Canal Side Conflicts of Interest
by Arthur J. Giacalone
The public recently learned of the unseemly contract between the Empire State Development Corporation and the Harris Beach law firm. At a minimum, an “appearance of impropriety” was created when ESDC received a $105 million allocation from the New York Power Authority to support the Canal Side project, and then turned around and hired as the project’s bond counsel the law firm where NYPA’s chairman of the board works.
But the appearance of impropriety reflected by the bond counsel contract pales in comparison to the conflict of interests that surrounds the decision in February 2010 approving NYPA’s $105 million grant to the Canal Side project. A basic understanding of the approval process mandated by New York law helps to place the ethical shortfall into context.
In 1987, the State Legislature created the New York State Economic Development Power Allocation Board to serve as a watchdog agency to ensure that the Power Authority allocates electric power and grants “industrial incentive awards” to businesses according to specific criteria and requirements. Pursuant to the enunciated standards, NYPA’s largesse is meant to benefit companies with a proven commitment to New York State that are experiencing “serious, long-term distress.” Additionally, EDPAB regulations prohibit the use of economic power in support of a business facility “primarily used in making retail sales of goods or services to customers.” To assure compliance with the pertinent criteria, NYPA submits its proposals to EDPAB, and its proposed development plans cannot go forward without the approval of three members of the EDPAB’s four-person board.
On February 2, 2010, EDPAB held a “special meeting” by way of a video conference. The only agenda item was NYPA’s proposal to accelerate its funding of the Canal Side project and provide the Erie Canal Harbor Development Corporation a $105 million “industrial incentive award” for harbor development. Three members of EDPAB participated in the meeting, including its chairman, Kenneth Schoetz. Mr. Schoetz is also employed as ESDC’s “Senior Vice President—Regional Offices,” and serves as chair of the Peace Bridge Authority.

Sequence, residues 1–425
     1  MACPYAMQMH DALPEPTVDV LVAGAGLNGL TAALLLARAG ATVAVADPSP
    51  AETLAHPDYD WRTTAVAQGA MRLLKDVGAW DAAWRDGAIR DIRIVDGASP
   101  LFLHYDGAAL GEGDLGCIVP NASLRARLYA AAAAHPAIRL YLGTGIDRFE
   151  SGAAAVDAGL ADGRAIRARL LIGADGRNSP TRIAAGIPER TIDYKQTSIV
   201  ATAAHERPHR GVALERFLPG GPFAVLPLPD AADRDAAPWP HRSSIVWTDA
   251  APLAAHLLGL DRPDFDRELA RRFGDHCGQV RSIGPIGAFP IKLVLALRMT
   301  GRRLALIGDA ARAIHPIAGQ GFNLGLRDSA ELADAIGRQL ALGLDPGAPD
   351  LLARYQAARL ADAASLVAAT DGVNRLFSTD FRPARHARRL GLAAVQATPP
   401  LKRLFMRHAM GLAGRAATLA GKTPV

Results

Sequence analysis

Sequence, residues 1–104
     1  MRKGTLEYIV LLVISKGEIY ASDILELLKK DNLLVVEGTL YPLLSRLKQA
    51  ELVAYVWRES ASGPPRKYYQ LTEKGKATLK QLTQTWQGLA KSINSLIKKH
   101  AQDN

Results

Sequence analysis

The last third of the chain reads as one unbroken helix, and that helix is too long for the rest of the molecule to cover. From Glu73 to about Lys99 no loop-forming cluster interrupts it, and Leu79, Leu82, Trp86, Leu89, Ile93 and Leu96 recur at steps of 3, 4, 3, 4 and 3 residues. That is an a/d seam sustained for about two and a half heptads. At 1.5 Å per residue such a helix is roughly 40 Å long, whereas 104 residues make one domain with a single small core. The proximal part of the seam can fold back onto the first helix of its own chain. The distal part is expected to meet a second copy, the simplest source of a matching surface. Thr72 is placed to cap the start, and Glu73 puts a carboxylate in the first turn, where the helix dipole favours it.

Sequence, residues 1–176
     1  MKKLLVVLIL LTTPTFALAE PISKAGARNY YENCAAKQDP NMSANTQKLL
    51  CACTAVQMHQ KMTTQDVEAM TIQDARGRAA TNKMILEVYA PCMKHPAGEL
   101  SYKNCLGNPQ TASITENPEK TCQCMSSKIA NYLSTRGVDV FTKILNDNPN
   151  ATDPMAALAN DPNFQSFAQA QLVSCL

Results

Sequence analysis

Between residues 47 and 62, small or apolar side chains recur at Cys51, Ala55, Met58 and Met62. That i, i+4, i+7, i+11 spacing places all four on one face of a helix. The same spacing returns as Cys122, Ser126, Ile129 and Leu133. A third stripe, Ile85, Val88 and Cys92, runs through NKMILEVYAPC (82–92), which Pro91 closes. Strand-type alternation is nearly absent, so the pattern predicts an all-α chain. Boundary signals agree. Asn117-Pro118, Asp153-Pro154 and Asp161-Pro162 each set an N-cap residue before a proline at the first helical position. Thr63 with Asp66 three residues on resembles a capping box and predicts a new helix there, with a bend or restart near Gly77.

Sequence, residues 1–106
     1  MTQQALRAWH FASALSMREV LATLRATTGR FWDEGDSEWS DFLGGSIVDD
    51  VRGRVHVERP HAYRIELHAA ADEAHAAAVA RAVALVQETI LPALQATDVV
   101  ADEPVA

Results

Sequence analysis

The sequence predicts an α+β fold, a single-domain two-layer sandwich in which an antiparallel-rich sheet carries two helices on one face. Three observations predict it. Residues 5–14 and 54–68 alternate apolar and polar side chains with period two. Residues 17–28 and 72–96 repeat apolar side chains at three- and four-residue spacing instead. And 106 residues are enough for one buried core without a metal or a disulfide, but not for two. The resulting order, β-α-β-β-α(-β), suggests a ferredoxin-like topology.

ECHDC is a subsidiary of Mr. Schoetz’s employer, ESDC, and ESDC played the important role of “lead agency” during the environmental review process for the Canal Side project. Despite his dual role as EDPAB chair and ESDC employee, Mr. Schoetz provided the crucial third vote approving NYPA’s $105 million financial assistance to the Canal Side project.
The multiple roles played by Ken Schoetz provide the public with a glimpse of the all-to-cozy relationship between various economic development agencies and officials. Symbolically, at the time he voted to approve NYPA’s development plan for the Canal Side project, the EDPAB chair was in the ESDC regional office at 95 Perry Street, space it shares with the project’s “sponsor,” ECHDC.
No wonder the public distrusts the motives and decisions of NY’s economic development agencies.
Arthur J. Giacalone, East Aurora
Giacalone is attorney for the plaintiffs in Goldman et al v. Bass Pro et al.
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